• Lisa H. has a tradition: “pizza and movie / game night… but that’ll change in a couple of weeks when Fridays become hockey practice night.”
    Traditions have an unspoken beauty and splendor for our own childhood memories and the ones we’ll stoke for our children. Feeling like an Uber driver taking them from place to place – not so much.

TIME TO VEG

  • Multiple readers claim the first thing they do is hop into their pajamas.
    Dress shoes are overrated anyway.
  • Fellow writer Lori Weixelman Rice says her Fridays are complemented with a cheap bottle of wine and the TV she couldn’t watch during the week. 
  • Fran Warren, our CEO, doubles up by saying she watches Law & Order after ordering take out.
    Ah, television. I’ve missed you so. There’s nothing to plan, promote, grade, assist with, or call home about television. Lovely.
  • Writer Tracie Ann is typically recovering from a long run in her Ironman training, with a protein shake and early bed time that evening.
    Teachers have lives outside of school? And they want to accomplish things that don’t involved children? And they have time for it? Get outta here!?!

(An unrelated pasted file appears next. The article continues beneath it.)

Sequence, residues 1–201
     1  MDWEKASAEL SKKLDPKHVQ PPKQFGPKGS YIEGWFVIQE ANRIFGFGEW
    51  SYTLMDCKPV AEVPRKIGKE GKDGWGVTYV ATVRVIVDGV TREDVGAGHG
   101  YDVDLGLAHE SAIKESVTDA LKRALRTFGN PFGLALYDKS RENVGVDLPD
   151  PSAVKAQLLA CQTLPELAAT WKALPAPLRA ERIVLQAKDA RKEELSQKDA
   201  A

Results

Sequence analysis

And… TIME FOR SOMETHING NEW

  • Still, one of our anonymous posters said that she and her husband broke all the Friday rules: staying out until 2am, rode their bicycles from place to place, and then found themselves at a rock concert.
    Someone here deserves the Friday award!

Rebecca Black reminds us that “tomorrow is Saturday and Sunday comes afterwards. I don’t want this weekend to end.” Here’s to making the most of your weekend – and your Fridays. Cheers – even if it’s with a glass of chocolate milk!

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By | 2016-11-01T13:44:10+00:00 September 29th, 2016|Confessions of a Teacher, Featured, From the Front Lines, Interviews|0 Comments

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About the Author:

Mr. Jake Miller teaches 7th grade American history teacher near Harrisburg, PA. He is the 2016 National History Day Pennsylvania Teacher of the Year and a 2017 NEA Teacher of Excellence. His articles have appeared in The Washington Post, The Guardian, and several other periodicals, but Miller has called TER home since 2012.